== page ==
A book needs a great antagonist

June 7th, 2020

I’ve been thinking these last couple of weeks about how a book needs a great antagonist. And how sometimes it takes a while to find the right one.

For the last couple of months, I’ve been working on a new book. And it’s been a slog. I loved the main character, but somehow I just couldn’t get excited about the story. It was hard to get started every morning and hard to keep going.

For a while, I thought that was because world events were so overwhelming and distracting that I couldn’t focus. And that if I could only find more self-discipline, I’d be okay. So I pressed on, even though I was feeling pretty bored with the whole thing. And that’s always a bad sign.

Then, at the beginning of last week, I found myself staring at my laptop, unable to summon the energy to write another word. Which is not how this is supposed to go. Every writer has bad days – even bad weeks, sometimes. But if it’s consistently a struggle, there’s something wrong.

So instead of pressing on, I flipped back through my notebook. I was looking for something, though I didn’t know what. Something that would light a fire under the story. Something that would make me want to write it.

And there, almost right back at the beginning of the notebook, when the story was just starting to take shape in my head, I found it. A different antagonist.

And I remembered that this was the original antagonist I’d thought of, the one who’d made me want to write the story in the first place. But for various reasons, I’d changed my mind and gone with someone else.

Usually, when I make major changes that take a story in a completely different direction, I spend a long time thinking about it first, trying to work out if it’s a good idea. Not this time. I grabbed that different antagonist and started writing.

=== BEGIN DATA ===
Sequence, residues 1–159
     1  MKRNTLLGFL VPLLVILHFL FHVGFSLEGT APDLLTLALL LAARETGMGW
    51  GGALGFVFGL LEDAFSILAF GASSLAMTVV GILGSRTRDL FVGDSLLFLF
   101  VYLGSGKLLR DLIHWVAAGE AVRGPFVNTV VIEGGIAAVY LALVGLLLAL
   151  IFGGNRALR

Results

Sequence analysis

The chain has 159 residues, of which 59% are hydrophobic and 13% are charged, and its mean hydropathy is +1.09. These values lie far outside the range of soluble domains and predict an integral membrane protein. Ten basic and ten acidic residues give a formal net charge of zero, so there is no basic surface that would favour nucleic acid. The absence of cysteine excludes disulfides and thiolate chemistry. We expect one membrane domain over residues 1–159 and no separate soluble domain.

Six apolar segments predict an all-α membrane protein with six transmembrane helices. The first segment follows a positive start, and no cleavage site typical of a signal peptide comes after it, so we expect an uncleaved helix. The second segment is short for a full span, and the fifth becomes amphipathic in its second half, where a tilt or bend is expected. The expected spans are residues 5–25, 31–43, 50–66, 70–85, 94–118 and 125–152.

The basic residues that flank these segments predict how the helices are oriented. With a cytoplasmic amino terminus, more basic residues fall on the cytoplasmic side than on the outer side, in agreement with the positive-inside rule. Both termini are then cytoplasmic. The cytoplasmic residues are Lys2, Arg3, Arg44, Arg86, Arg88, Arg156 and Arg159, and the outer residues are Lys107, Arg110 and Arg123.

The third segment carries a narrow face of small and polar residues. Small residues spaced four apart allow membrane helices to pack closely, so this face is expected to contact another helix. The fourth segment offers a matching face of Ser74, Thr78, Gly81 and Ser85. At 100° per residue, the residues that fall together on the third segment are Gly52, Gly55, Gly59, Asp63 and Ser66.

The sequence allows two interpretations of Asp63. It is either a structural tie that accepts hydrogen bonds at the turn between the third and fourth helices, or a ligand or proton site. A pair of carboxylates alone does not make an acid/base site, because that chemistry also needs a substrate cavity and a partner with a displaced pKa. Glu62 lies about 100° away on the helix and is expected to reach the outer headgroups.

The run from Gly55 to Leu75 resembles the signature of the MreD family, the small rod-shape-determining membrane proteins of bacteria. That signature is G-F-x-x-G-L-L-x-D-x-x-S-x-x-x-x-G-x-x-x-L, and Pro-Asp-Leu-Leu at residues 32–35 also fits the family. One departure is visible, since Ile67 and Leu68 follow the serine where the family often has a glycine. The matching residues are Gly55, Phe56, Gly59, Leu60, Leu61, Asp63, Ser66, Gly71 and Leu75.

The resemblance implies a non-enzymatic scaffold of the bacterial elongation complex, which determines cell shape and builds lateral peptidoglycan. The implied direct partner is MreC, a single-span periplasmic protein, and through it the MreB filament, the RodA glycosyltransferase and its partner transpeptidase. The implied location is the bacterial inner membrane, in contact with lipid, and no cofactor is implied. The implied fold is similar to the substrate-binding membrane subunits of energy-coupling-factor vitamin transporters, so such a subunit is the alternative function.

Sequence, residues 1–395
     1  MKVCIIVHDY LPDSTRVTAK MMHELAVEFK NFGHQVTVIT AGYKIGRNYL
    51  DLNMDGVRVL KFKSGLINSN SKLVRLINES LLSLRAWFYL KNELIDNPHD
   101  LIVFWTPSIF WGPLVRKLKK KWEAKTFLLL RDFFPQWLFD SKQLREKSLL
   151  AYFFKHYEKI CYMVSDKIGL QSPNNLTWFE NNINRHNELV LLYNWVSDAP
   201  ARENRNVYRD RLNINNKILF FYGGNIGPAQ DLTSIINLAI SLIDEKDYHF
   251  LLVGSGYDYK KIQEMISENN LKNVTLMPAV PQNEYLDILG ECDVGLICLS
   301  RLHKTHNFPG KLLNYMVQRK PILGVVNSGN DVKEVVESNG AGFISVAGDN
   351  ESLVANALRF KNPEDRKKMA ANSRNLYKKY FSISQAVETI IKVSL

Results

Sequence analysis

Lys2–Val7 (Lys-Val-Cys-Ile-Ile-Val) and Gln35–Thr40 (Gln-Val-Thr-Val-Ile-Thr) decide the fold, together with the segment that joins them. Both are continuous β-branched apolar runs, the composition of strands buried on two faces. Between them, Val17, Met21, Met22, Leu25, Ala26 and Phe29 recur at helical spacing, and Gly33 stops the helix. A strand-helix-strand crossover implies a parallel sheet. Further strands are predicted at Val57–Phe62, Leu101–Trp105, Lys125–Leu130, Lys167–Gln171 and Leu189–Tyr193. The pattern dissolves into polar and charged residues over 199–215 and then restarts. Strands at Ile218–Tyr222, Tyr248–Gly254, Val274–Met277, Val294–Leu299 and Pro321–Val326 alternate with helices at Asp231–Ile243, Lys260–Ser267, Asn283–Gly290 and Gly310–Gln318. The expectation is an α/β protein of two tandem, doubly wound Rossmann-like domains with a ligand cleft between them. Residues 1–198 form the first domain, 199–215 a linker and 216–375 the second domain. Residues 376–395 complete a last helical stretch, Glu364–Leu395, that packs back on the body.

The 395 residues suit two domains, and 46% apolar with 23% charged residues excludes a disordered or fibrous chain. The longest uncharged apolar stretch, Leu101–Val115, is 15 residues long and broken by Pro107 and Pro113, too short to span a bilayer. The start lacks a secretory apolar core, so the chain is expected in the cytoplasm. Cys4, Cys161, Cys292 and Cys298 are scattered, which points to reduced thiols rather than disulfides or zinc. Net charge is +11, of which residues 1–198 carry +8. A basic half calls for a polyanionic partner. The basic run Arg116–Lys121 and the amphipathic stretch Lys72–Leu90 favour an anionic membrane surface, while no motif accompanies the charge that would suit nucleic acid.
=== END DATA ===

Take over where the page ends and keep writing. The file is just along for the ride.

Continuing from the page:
She lit a fire under the story. She made me want to write it. Instead of limp, wishy-washy scenes that never seemed to go anywhere, ideas sprang from my fingertips, so fast that I could hardly keep up.

So now I’m having fun again. Will it turn into a good book? I don’t know. But it’s got way more chance than it did before.

4 thoughts on “A book needs a great antagonist

  1. Sheila Hameed says:

    Just bought your new book for a student in my class to read. Hoping to inspire.

    1. Lian Tanner says:

      Oh that’s lovely, Sheila, thank you for letting me know. I hope your student enjoys Clara’s adventures!

  2. Vanessa says:

    My 9 year old is often most interested in the antagonist in a story. We have just started “A Clue For Clara” as our bedtime chapter book, and he is enthralled with the scheming of Jubilee, and eagerly awaiting the entrance of the stock bandits 😉

    1. Lian Tanner says:

      Your son is right about the importance of the antagonist, Vanessa. They are often the most interesting person in the story. I’m so glad he’s enjoying A Clue for Clara!

Leave a Reply

Your email address will not be published. Required fields are marked *

Follow Lian on Facebook, Instagram & Goodreads